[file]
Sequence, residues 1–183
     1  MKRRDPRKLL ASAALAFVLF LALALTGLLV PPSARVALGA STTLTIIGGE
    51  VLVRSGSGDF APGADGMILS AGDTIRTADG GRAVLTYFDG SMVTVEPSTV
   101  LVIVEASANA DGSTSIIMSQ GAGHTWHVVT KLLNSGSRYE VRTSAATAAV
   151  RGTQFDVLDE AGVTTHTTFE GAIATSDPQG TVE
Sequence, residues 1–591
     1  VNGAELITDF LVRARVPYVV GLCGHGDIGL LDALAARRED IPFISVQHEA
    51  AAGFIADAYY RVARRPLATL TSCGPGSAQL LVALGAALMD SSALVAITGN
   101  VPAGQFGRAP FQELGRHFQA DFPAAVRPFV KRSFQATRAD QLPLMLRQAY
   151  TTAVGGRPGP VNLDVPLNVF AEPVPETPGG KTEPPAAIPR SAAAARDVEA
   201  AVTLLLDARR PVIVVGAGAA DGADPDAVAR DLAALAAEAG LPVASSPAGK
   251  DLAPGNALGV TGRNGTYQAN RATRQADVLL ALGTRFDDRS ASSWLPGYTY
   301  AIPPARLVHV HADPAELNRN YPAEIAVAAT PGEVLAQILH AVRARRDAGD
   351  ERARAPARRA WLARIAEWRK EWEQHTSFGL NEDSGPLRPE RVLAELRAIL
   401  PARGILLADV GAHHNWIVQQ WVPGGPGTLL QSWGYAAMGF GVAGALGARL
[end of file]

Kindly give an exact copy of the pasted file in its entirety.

Sequence, residues 1–183
     1  MKRRDPRKLL ASAALAFVLF LALALTGLLV PPSARVALGA STTLTIIGGE
    51  VLVRSGSGDF APGADGMILS AGDTIRTADG GRAVLTYFDG SMVTVEPSTV
   101  LVIVEASANA DGSTSIIMSQ GAGHTWHVVT KLLNSGSRYE VRTSAATAAV
   151  RGTQFDVLDE AGVTTHTTFE GAIATSDPQG TVE
Sequence, residues 1–591
     1  VNGAELITDF LVRARVPYVV GLCGHGDIGL LDALAARRED IPFISVQHEA
    51  AAGFIADAYY RVARRPLATL TSCGPGSAQL LVALGAALMD SSALVAITGN
   101  VPAGQFGRAP FQELGRHFQA DFPAAVRPFV KRSFQATRAD QLPLMLRQAY
   151  TTAVGGRPGP VNLDVPLNVF AEPVPETPGG KTEPPAAIPR SAAAARDVEA
   201  AVTLLLDARR PVIVVGAGAA DGADPDAVAR DLAALAAEAG LPVASSPAGK
   251  DLAPGNALGV TGRNGTYQAN RATRQADVLL ALGTRFDDRS ASSWLPGYTY
   301  AIPPARLVHV HADPAELNRN YPAEIAVAAT PGEVLAQILH AVRARRDAGD
   351  ERARAPARRA WLARIAEWRK EWEQHTSFGL NEDSGPLRPE RVLAELRAIL
   401  PARGILLADV GAHHNWIVQQ WVPGGPGTLL QSWGYAAMGF GVAGALGARL